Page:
Customer "Success" Stories
Punching Bag, Jeopardy, Intruder and Coal Mine
Smart Punching Bag (Not an Oxymoron)I have been a fitness enthusiast all of my adult life, primarily self-trained using a home gym. I have a variety of specific interests with the current concentration on combat sports, specifically Muay Thai. I have often found that even when I had good equipment there were other "tools" that I needed to get the best possible workout.
The heavy bag has been the foundation for stand up fight training since ancient times. Getting the most from this training requires not only the bag, but a trainer to maintain the pace, direct the training and provide feedback on the fighter's key offensive qualities:
• Reaction time
• Execution speed
• Strike accuracy
• Strike power
• Proper form
Many of the benefits of an actual trainer can be achieved using a "smart" version of a heavy or freestanding bag. This combines the bag with sensor technology and computer software to create a fight-training simulator. This combination can provide the user the ability to structure a bag-based training session in terms of rounds and rest periods of varying length. Some or all of the rounds can be directed by audio cues and the user's response to these directions can be checked and the appropriate audio feedback provided. To anyone familiar with boxing/kickboxing training, what this provides is a very familiar coach/trainer-based workout. You now have a trainer in the bag.
The Smart Bag's design and implementation package, including software, is free for non-commercial use. The included applications will work on any Windows® XP SP3 or later computer that supports .NET 3.5. This includes small screen net-books.
Terry H. Ess
Terry is a retired software engineer and a former amateur kickboxer in Muay Thai. He is currently working on a semi-autonomous robot that would turn a "Smart Bag" into something closer to a sparring partner. He does not fight anymore but still trains.
Education in Jeopardy (or the Other Way Around)?When teaching Algebra to 9th grade students, it's sometimes difficult to create a fun environment. As the chapter winds down and the kids are tired of seemingly endless pages of problems, I combine a Jeopardy game in PowerPoint with the Expandable Quiz Table, which I've ruggedized by putting it into a box. By using smaller boxes containing only a push-button, 9V neon light and connecting through standard phone connectors, I've got a "student proof" version that can be separated some distance, allowing students to team up.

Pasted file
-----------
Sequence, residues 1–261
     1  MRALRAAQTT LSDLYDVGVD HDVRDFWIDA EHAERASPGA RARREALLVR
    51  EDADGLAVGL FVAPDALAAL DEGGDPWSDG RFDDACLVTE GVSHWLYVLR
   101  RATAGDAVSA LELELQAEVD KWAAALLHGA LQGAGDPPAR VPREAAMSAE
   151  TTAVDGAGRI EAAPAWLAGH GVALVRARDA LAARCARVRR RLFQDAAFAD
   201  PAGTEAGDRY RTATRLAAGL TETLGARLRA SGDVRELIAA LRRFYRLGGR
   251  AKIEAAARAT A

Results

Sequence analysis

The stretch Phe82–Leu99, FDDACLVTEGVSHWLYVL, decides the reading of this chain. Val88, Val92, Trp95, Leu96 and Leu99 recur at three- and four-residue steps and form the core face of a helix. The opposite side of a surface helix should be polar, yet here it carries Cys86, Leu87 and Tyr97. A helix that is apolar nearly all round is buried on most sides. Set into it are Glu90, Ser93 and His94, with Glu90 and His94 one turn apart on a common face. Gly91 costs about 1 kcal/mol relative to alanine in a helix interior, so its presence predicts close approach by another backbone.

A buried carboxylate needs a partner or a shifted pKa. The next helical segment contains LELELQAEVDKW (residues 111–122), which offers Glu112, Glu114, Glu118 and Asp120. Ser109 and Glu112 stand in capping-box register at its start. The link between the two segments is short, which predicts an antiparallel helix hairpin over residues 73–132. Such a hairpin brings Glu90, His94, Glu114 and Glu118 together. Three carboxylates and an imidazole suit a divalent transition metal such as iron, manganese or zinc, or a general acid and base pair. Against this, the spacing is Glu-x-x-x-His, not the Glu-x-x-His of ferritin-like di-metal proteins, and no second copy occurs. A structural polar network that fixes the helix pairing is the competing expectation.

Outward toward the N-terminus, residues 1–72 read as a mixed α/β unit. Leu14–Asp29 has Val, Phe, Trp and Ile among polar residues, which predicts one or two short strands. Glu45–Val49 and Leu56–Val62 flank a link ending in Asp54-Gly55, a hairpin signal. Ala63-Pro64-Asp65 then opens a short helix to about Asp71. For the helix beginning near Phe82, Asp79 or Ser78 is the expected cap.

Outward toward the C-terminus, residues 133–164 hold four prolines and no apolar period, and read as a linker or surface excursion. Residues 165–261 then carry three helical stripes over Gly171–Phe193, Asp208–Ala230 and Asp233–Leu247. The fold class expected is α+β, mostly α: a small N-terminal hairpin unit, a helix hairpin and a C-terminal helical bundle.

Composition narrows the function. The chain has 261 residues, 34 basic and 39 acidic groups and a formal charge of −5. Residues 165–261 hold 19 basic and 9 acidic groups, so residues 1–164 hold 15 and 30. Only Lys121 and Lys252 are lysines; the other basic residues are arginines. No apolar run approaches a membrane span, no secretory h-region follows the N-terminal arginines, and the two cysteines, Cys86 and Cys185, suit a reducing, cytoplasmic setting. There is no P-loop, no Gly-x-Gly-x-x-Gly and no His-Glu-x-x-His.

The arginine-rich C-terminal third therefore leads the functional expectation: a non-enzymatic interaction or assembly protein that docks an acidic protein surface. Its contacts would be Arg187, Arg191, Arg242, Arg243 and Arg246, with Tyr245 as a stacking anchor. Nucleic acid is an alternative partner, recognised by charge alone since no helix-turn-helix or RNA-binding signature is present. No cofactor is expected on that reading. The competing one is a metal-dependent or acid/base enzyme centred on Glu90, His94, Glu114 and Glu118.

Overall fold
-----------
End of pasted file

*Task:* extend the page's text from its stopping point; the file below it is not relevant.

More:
All in all, without the Quiz Table, the Jeopardy game becomes very difficult and sometimes too contentious to conduct.
Thanks for carrying the kit. It's the best.
John teaches Algebra at Mathematics, Civics and Sciences Charter School in Philadelphia.
Intruder in the DrivewayI needed to extend the range of a driveway alert system. The receiver module has a piezo sounder and two LEDs that flash when a moving object comes in the driveway. On our property, we have a spare garage and a casita. My workshop is in the casita. There is a Cat 5 cable between the spare garage and the casita.
The receiver module works fine in the spare garage, but not in the casita. I first tried tapping the audio from the piezo sounder to turn on an alarm in the casita. I really didn't like that approach as it would require extra circuitry in the casita. Then it struck me that an optocoupler in the receiver module connected in place of one of the alarm LEDs was the best way to go. It made my day when it all worked with the optoisolator.
Ned is a retired electronics officer from the U.S. Coast Guard. He first started working with electronics in junior high school and obtained his amateur radio license in high school. Ned continues to tinker in electronics in his workshop in Ivins, Utah.
Canary in a Coal MineI am an Instrumentation and Control (IC) technician for a coal mining company. At our mine site, we get a lot of vendors who come on-site to make deliveries. Anyone that comes on our site is required to meet MSHA (Mine Safety & Health Administration) regulations. For instance, vehicles must be equipped with a backup alarm. This created a problem for vendors that only came to a mining facility once or twice.
Instead of permanently installing a backup alarm in their vehicle, the Safety Department tasked me with designing a battery-powered backup alarm that could be magnet-mounted to the rear bumper of a vehicle and activated by the existing backup light of the vehicle using a photo cell. In order to do this, I also had to install a backup light to my project because the photocell is taped to the vehicle's backup light and this requires that the clear lens be completely covered.
Ruben lives in Hearne, Texas and works for Luminant as an IC technician at a surface lignite mine. He likes to play guitar and tinker with microprocessors.
If you have an electronics story you'd like to share, please send it to [email protected].